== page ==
I read this post from CSS Tricks that lists a number of “CSS utility libraries” with curiosity, which quickly turned into a mixture of confusion, panic and disgust, with each new example of CSS class names you would use with these libraries.
Let’s look at some of the class names; highlights are mine.
- d:i-b f-w:700 p-x:3 p-y:.7 b-r:.4 f:2 c:white bg:blue t-t:u hover/bg:blue.9
- mw9 center pa4 pt5-ns ph7-l
- f3 fw1 georgia i
- flex flex-wrap items-center mt4
- tcg50 ft10 fw3 mb2 md-mb3
- display-title color-white
- pad-1-bottom text-blue border-bottom marg-3-bottom
- bgr-green text-white grid-3 s-grid-12 pad-2-vert pad-1-sides
- constrain-md md:constrain-lg mx-auto pt-24 pb-16 px-4
- xs-col-12 sm-col-9 lg-col-10 sm-offset-3 lg-offset-2
These frameworks claim to use humanised classes that will make your development faster. But…
- Where is the separation of concerns? Did they not get the memo about not including font names, colours, and other visual attributes in the HTML? What if they decide to change the headers’ colour? Then you need to change all headers to go from class=”white” to class=”orange”, etc? Your development is going to be “fast” for a moment, but once you start having to maintain the code you’re going to regret this brilliant idea.
- There’s nothing human to using those classes. They are a step away from being a domain specific language… a programming language. Humans do not use programming languages to communicate between them (much to the chagrin of some “humans” who would like otherwise).
I can’t believe it’s 2017 and we still have to see this (let alone argue about it).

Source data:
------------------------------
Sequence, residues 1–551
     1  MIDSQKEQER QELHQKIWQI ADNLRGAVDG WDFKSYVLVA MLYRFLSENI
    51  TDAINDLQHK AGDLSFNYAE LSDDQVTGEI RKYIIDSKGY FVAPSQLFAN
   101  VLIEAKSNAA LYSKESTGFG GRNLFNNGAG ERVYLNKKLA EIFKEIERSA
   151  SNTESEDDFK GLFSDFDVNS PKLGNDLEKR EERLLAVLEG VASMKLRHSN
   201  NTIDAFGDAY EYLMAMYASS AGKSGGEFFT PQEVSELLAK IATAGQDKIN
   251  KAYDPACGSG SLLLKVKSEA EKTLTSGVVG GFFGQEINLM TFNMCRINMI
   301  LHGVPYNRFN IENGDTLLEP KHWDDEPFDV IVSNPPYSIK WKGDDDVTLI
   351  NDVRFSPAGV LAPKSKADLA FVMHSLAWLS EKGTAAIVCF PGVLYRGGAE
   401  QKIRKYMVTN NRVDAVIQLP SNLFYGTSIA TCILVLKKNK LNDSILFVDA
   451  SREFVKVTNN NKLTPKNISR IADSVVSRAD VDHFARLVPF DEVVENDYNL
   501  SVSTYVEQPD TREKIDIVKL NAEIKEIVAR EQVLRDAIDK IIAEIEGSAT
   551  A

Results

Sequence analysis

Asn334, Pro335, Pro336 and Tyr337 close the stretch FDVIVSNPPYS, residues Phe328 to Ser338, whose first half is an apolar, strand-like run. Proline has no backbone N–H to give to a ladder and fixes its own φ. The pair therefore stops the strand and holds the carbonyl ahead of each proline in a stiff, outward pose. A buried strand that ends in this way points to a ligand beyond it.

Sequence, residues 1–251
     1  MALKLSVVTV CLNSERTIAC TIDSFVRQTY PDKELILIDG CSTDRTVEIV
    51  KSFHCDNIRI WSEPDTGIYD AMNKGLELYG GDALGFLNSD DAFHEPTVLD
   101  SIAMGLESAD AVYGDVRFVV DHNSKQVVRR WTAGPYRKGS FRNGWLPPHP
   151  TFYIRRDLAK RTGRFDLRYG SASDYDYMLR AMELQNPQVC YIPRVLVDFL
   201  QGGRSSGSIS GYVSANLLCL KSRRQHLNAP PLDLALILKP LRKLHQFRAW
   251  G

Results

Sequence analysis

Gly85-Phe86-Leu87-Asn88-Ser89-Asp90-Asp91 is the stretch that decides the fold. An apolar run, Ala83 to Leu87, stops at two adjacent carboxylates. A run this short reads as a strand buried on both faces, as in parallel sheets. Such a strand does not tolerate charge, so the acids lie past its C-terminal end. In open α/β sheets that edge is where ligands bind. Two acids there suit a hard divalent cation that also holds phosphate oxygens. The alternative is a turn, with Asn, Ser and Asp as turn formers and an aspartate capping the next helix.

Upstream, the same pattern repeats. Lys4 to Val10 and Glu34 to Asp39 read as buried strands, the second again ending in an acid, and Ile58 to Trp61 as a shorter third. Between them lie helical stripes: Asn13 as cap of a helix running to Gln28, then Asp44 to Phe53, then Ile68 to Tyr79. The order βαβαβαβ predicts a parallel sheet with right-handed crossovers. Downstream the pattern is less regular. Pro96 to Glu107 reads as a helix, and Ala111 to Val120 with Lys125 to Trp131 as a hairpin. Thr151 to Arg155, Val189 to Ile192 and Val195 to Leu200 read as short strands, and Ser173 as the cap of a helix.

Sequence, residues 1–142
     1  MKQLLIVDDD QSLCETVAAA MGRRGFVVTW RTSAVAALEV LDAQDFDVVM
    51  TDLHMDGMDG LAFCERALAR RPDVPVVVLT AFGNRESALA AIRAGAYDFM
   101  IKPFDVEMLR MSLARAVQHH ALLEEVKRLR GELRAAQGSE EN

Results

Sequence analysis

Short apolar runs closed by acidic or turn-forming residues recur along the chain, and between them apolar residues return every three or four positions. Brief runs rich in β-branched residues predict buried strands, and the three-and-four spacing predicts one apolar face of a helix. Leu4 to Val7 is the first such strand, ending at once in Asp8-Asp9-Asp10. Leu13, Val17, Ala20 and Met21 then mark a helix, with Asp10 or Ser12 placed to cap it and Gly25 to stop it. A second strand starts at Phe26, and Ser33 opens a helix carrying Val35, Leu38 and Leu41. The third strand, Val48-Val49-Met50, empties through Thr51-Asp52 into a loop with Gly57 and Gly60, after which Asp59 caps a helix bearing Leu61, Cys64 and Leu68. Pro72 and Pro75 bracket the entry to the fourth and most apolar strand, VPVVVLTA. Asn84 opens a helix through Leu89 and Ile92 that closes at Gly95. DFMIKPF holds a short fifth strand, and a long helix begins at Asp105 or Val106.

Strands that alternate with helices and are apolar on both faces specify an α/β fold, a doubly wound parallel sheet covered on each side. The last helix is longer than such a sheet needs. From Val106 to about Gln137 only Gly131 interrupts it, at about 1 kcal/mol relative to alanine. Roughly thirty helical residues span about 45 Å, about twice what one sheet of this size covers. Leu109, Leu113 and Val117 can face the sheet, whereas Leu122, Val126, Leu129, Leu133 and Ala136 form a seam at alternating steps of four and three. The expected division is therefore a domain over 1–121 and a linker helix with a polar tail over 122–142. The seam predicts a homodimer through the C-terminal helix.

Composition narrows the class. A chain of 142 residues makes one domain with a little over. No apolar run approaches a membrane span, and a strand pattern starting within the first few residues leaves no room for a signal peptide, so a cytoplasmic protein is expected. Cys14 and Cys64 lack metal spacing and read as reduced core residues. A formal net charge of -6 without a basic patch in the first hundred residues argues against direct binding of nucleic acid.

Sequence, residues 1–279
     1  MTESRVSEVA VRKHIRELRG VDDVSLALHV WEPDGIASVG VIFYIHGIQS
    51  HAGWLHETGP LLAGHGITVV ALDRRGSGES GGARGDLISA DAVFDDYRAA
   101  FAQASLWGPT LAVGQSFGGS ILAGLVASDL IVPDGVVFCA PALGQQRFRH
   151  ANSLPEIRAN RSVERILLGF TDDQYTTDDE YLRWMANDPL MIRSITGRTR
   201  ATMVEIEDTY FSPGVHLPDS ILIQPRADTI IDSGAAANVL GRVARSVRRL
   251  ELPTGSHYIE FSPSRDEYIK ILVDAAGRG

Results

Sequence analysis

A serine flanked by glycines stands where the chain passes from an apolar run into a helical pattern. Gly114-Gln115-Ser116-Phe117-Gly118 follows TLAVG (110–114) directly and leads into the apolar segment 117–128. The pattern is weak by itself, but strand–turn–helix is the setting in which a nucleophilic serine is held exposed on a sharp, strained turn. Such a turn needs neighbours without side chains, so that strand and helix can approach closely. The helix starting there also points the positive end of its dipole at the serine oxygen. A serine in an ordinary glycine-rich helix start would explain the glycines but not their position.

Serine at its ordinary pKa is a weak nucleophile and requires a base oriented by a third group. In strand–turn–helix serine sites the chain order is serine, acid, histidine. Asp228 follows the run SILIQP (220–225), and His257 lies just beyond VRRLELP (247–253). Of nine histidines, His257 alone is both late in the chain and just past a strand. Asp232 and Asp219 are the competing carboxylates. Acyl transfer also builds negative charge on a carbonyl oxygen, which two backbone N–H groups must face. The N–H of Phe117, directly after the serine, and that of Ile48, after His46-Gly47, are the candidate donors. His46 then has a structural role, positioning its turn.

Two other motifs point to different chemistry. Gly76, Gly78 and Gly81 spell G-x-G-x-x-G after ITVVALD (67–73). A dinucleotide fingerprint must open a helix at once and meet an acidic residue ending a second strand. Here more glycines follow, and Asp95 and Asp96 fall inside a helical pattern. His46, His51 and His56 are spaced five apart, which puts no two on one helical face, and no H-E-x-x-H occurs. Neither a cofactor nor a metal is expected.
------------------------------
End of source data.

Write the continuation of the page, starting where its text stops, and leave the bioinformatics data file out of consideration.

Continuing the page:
I guess they didn’t see the <p style=”color: red; font-family: Times New Roman;”><i><center>Old times</center></i></p> when we had to write crap like that not because we wanted, but because that was the only way. And oh how happy we were when we could take all that formatting out of the mark up and put it into a file and not have it scattered across all the files in the site, interspersed with the content. Ah, the audacity of youth…! Millenials are ruining web development! Groar! 👹
But if that wasn’t enough for you to disturb your calm on this fine Friday morning, here’s this excellent example of deeply offensive CSS, except we need to look at the class and the HTML tag to get the full kick in your ancient guts feeling 👟💥👵🏼:
<a href="#" download="" class="button button--secondary xs-mr1 xs-mb1">
If they want a button that looks and acts like a button… why… don’t… they… use… A <BUTTON>???!?! 😱
Please don’t do this. It’s not good for anyone–neither users, neither future developers that have to pick the maintenance after you were ‘clever’ and ‘humanised’ the code.
Or maybe it’s an ironic version of 90s vintage code, hipsterised. That must be it 💁🏻